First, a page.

Leaky gut syndrome can wreak havoc on your gut, but the story doesn’t end there. The damage can often be reversed with simple lifestyle changes. Improving your diet and adding the right supplements can prevent further damage and jump-start the recovery process, putting you on the right path for a healthier tomorrow.
If you’re already taking steps to reduce suffering caused by gluten intolerance, candida overgrowth, leaky gut syndrome or something similar, these 12 supplements may help.
Our gut is full of good bacteria that helps our bodies break down and digest food. During digestion, good bacteria keeps the gut in check by preventing the overgrowth of harmful bacteria. Unfortunately, good bacteria can be depleted by poor diets, antibiotics, steroids, acid-blocking medications and many other factors. Taking a concentrated dose (25-100 billion units a day) of probiotics every day can help you maintain a healthy balance of gut bacteria.
Fiber helps good bacteria thrive in your gut. This is why a fiber-rich diet is so important. Foods like sprouted chia seeds, sprouted flaxseeds and sprouted hemp seeds are good sources of fiber, but if you have leaky gut syndrome, you may want to reach for fruit and steamed vegetables. They’re still good sources of fiber, but can be easier to digest. If your gut isn’t particularly sensitive, you should aim to get 30-40 grams of fiber every day.
These plant or microbial-based supplements support the breakdown, absorption, and the body’s utilization of macronutrients. When taken with meals, digestive enzymes work with your natural supply of enzymes to aid in digestion and support intestinal repair.
Deglycyrrhizinated Licorice (DGL)
DGL is an herb that has been used for over 3,000 years in the treatment of digestive issues, including ulcers and indigestion. It’s made from whole licorice, but the manufacturing process includes the removal of glycyrrhizin, which can cause heightened blood pressure. DGL supplements support the body’s natural processes for maintaining the mucosal lining of the stomach and duodenum.
Used for respiratory or digestive relief, marshmallow root is a multipurpose supplement with a high mucilage content. Taking marshmallow root can help alleviate inflammation in the stomach lining, heal ulcers and create a protective lining on the digestive tract to treat diarrhea and constipation.
Also known as octanoic acid, caprylic acid is a fatty acid that comes from coconut oil. Caprylic acid is known for its antiviral and antifungal qualities. Calcium and magnesium caprylates act as buffers, and may also help slow the release of caprylic acid to carry its effects throughout the gastrointestinal tract. For people suffering from Candida or yeast overgrowth this is a safe, natural way to treat Candida.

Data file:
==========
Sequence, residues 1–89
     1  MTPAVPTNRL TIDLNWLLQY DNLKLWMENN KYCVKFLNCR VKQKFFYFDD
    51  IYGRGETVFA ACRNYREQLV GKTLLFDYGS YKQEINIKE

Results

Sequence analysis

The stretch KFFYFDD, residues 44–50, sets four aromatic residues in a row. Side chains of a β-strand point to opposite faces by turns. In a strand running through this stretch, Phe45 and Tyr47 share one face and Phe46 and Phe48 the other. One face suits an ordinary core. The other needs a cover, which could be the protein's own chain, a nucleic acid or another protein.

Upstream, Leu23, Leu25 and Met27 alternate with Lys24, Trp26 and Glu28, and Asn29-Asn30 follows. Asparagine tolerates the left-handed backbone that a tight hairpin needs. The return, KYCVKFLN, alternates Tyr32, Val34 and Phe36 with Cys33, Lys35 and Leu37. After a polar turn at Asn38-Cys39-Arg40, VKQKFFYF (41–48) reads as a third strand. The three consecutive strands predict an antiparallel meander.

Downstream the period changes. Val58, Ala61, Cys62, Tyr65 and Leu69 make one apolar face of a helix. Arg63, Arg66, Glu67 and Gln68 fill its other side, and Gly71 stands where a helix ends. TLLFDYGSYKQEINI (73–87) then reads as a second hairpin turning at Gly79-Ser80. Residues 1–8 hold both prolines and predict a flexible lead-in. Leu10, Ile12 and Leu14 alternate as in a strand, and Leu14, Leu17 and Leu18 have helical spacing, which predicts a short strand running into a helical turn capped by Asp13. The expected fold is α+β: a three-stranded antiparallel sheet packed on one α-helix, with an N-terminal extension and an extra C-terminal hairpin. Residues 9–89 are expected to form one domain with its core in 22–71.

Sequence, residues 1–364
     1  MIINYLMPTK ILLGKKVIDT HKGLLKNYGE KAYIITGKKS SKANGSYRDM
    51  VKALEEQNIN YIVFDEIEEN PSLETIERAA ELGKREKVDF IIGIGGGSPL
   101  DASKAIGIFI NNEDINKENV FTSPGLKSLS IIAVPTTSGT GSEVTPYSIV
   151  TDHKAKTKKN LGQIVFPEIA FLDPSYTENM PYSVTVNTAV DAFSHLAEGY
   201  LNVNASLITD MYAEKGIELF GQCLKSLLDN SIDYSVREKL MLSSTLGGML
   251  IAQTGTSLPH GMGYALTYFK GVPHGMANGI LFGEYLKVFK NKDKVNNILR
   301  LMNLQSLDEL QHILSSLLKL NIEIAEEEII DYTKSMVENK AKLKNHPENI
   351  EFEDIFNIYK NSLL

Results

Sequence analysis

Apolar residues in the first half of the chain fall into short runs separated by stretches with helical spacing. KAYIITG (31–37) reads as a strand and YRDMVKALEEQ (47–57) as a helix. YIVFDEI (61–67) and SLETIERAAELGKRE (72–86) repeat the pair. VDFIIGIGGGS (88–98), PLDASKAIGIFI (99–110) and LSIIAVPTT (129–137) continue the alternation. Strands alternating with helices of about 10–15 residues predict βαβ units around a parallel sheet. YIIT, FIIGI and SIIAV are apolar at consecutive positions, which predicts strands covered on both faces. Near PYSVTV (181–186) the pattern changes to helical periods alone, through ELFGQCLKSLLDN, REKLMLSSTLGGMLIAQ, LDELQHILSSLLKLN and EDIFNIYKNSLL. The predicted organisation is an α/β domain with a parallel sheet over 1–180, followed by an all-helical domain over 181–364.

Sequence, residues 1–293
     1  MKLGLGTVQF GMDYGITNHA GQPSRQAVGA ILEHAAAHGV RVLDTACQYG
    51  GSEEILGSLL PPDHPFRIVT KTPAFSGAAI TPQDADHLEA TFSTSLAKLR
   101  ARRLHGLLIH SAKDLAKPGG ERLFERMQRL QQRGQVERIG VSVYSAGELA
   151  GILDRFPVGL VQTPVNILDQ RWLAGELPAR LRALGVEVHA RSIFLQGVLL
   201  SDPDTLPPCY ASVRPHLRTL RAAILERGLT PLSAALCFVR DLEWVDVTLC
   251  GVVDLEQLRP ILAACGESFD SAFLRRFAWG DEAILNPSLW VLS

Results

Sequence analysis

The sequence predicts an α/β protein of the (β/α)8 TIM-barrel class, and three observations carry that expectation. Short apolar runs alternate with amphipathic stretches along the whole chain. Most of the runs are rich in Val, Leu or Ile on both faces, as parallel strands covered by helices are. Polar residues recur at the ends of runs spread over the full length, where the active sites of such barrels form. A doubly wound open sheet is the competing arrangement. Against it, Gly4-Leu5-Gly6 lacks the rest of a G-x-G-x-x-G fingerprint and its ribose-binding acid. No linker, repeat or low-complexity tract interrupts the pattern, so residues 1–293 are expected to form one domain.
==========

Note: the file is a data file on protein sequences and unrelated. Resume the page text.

It might have a strange name, but slippery elm has been used for centuries in the United States. This supplement contains mucilage and stimulates the nerve endings in the intestinal tract to increase natural mucus secretion, which is an instrumental part of the stomach’s protective lining. A healthy stomach lining can prevent ulcers and avoid excessive acidity in the digestive system. Slippery elm also contains important antioxidants that help relieve inflammatory bowel symptoms.
Betaine Hydrochloride (HCL)
HCL promotes optimal gastric acidity, which supports proper protein digestion and the absorption of minerals and other nutrients. There’s a simple test you can do to see if you have low stomach acid. Start by eating a meal. One third of the way through your meal, take 650 mg of HCL. If you experience heartburn, you already have sufficient levels of HCL. If you don’t experience heartburn, then you might benefit from taking HCL at each meal.
This amino acid is fundamental to the well-being of both the digestive and the immune systems. Glutamine helps repair damage caused by leaky gut syndrome, replenishes the gut lining and reduces sugar cravings. The recommended dosage is 3-5 grams every day.
Supplementing with collagen can help boost your gastric juices and aid in restoring the health of your mucosal lining. Collagen also contains the amino acids proline and glycine, which are essential building blocks for repairing damage to the intestinal lining caused by leaky gut syndrome. To experience to benefits of collagen, drink 8-16oz of bone broth daily or take 2 tablespoons of collagen protein twice a day.
Anti-fungal agents like caprylic acid, cellulose, and oil of oregano can help balance your gut bacteria, taking the strain off your intestines as they heal. Try improving the health of your digestive tract before taking anti-fungals for 10-14 days. Following that period, an increased dose of probiotic supplements is recommended. This ensures that you rebuild and maintain optimal gut health.
According to the University of Maryland Medical Center researchers, the key to quercetin’s effectiveness is its ability to keep inflammation at bay. It has been known to improve gut barrier function because it helps seal the gut lining, counteracting leaky gut syndrome. Quercetin also acts as an antihistamine and may protect against heart disease and cancer.
When repairing your gut, the first step is changing your lifestyle to include healthier habits—especially when it comes to your diet. Once you change your habits and move towards a more balanced life, these supplements can help expedite the healing process and restore gut health. It’s that simple.
Not sure if you have leaky gut syndrome? Take the leaky gut test!